Congratulations on the puppy!
For the pooping problem: have you tried to run her around a bit, maybe a quick game of fetch or a quick game of chase? That will often get the bowels working. Also, I wouldn't recommend you staying out with her for an hour in the hopes that she will poop. Puppies her age are very easily distracted by lots of stuff outside, sights, sounds, smells. And, really, after a few minutes, they usually forget all about the fact that they are supposed to go poop. So, by staying out so long, you really aren't emphasizing that you are there to potty. If you're allowing her to sniff around, and explore for an hour, the goal isn't clear to her.
You need to differentiate between potty time outside, and "free" time or play time outside. If you are combining both, in the beginning, it's confusing. So, take her out for five minutes, say the same magic potty words. After 5 minutes, if she hasn't pooped, take her back inside, BUT, not for good, just for 5 minutes, before going back out to try again. During the 5 minutes inside, keep your eyes directly on her, and stay close to her, so if you see her start to sniff or even start to squat, you can interrupt her and rush her out. Basically, alternate, 5 minutes out to try, then 5 minutes inside to wait before trying again.
And, clean up any stain with an enzymatic cleaner.
As for the biting, that's the way puppies play. It is similar to how toddlers have to put everything in their mouth!
If you've only had her 5 weeks, but you've tried the yelping, turning your back, pinching the back of the neck (yikes, don't do this any more!), growling, etc, then it seems like you've confused her by trying too many methods without giving any one method the chance to work. Think of it this way: you aren't just trying to get her to stop biting on any ONE occasion, you are trying to teach her a skill for the rest of her life (bite inhibition). And, longterm teaching takes time.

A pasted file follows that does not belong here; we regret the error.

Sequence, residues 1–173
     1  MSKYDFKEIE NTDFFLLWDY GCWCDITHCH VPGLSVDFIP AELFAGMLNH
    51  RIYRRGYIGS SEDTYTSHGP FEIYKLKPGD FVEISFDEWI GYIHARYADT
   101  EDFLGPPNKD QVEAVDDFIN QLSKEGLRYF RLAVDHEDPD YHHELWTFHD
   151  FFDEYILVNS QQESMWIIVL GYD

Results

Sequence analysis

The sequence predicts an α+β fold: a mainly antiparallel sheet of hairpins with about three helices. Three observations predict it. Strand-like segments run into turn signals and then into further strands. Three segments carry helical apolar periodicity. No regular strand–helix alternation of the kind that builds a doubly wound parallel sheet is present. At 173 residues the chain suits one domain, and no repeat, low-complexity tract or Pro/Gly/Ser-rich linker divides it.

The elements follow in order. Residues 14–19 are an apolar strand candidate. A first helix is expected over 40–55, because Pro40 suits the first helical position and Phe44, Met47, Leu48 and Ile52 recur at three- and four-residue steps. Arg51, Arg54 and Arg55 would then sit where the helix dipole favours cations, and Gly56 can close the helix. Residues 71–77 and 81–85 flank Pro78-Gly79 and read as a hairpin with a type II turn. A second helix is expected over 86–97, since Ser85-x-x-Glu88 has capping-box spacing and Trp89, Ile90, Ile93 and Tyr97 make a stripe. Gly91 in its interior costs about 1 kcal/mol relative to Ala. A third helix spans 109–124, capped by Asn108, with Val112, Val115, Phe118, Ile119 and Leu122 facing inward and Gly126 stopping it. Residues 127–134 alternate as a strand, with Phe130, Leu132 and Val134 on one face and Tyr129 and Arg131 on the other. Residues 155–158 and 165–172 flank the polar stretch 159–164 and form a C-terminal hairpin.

If you stick with this method, and everyone in the house responds in the same way, EVERY time she bites, it should start to gradually get better:
- puppy bites, you make a noise to let her know you didn't like it. Many people recommend yelping, but, for some puppies, that can excite them more, and make them bite more. You might try saying OUCH loudly but not angrily.
- the noise should startle the pup, and get her attention.
- the pup will probably bite again, as it's second nature to her, so make the noise again, but this time leave the room for 20-30 seconds, and do not allow her to follow (helps to go into a room where you can shut the door so she can't follow you.)
- repeat, repeat, repeat. As many times as she bites, do the noise, then the noise + leave the room.
My fiance hated this puppy stage, as it interrupted his tv watching time, with all the getting up and leaving the room, but, it did work! One thing to keep in mind: our first pup took 4 weeks to stop biting, our second took about 1-2 weeks, and our current foster pup took about 3 weeks. So, once you start a method, and stick with it vigilantly, it will take time.
As for the humping: discourage this. It isn't sexual, humping can also be a form of puppy play, and also occurs when a puppy is over excited. So, the walks will help this, too. When she does this, distract her, and get her interested in something else. It helps if you keep a leash on her inside, as you can direct her attention elsewhere pretty easily, and this will help her get used to the leash for walks. The thing is, most dogs will consider unwanted humping to be rude behavior, so you don't want her to get in the habit of doing this!
And, for your older daughter: kids move quickly, often times, and in ways that seem spontaneous or without warning, they also speak in higher pitches, which can be exciting to dogs, and are often louder than adults. What you describe doesn't sound aggressive, towards your daughter, it sounds like she is trying to play with your daughter the way she would with another puppy, as growling, snapping, and jumping are all puppy play behaviors, and it's pretty rare for a puppy that young to truly have aggression issues.
To compound this, a child will usually squeal, or run, or jump around when a puppy jumps at them or snaps or something similar. If this happens, the puppy thinks "cool! game on!" and will keep trying to play.
So, part of it is teaching the children to behave calmly, and walk away, to another room, for a few minutes.
Puppies really love and crave human contact, so losing that contact when they are too hyper can really calm them down quickly.
You can also have "time outs" for the puppy, but I wouldn't recommend using the puppy's crate for this. Maybe a puppy safe room like a bathroom or laundry room where you can shut the door for 30 seconds to a couple minutes.